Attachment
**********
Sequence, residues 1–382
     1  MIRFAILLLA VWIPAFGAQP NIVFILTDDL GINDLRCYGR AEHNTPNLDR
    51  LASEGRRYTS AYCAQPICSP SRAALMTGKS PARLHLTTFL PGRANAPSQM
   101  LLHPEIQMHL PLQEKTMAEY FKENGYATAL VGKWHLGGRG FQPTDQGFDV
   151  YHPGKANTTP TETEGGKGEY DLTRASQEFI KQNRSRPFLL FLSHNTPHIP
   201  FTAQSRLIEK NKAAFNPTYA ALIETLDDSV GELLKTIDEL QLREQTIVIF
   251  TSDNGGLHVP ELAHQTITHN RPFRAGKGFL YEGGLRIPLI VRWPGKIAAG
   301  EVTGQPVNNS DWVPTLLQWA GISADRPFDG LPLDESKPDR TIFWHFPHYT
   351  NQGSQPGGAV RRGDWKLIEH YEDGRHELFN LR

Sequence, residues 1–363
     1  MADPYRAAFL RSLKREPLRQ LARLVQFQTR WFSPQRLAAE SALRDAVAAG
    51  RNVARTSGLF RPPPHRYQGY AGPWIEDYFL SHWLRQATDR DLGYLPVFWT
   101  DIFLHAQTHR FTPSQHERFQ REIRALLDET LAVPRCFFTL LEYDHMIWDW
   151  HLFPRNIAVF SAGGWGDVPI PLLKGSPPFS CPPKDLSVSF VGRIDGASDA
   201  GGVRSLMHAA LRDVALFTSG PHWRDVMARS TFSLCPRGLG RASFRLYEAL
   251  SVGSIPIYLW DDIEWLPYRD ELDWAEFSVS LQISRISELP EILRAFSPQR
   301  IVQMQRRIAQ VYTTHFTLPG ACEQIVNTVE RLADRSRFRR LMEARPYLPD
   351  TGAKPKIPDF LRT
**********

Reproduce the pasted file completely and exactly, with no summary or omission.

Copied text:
Sequence, residues 1–382
     1  MIRFAILLLA VWIPAFGAQP NIVFILTDDL GINDLRCYGR AEHNTPNLDR
    51  LASEGRRYTS AYCAQPICSP SRAALMTGKS PARLHLTTFL PGRANAPSQM
   101  LLHPEIQMHL PLQEKTMAEY FKENGYATAL VGKWHLGGRG FQPTDQGFDV
   151  YHPGKANTTP TETEGGKGEY DLTRASQEFI KQNRSRPFLL FLSHNTPHIP
   201  FTAQSRLIEK NKAAFNPTYA ALIETLDDSV GELLKTIDEL QLREQTIVIF
   251  TSDNGGLHVP ELAHQTITHN RPFRAGKGFL YEGGLRIPLI VRWPGKIAAG
   301  EVTGQPVNNS DWVPTLLQWA GISADRPFDG LPLDESKPDR TIFWHFPHYT
   351  NQGSQPGGAV RRGDWKLIEH YEDGRHELFN LR

Sequence, residues 1–363
     1  MADPYRAAFL RSLKREPLRQ LARLVQFQTR WFSPQRLAAE SALRDAVAAG
    51  RNVARTSGLF RPPPHRYQGY AGPWIEDYFL SHWLRQATDR DLGYLPVFWT
   101  DIFLHAQTHR FTPSQHERFQ REIRALLDET LAVPRCFFTL LEYDHMIWDW
   151  HLFPRNIAVF SAGGWGDVPI PLLKGSPPFS CPPKDLSVSF VGRIDGASDA
   201  GGVRSLMHAA LRDVALFTSG PHWRDVMARS TFSLCPRGLG RASFRLYEAL
   251  SVGSIPIYLW DDIEWLPYRD ELDWAEFSVS LQISRISELP EILRAFSPQR
   301  IVQMQRRIAQ VYTTHFTLPG ACEQIVNTVE RLADRSRFRR LMEARPYLPD
   351  TGAKPKIPDF LRT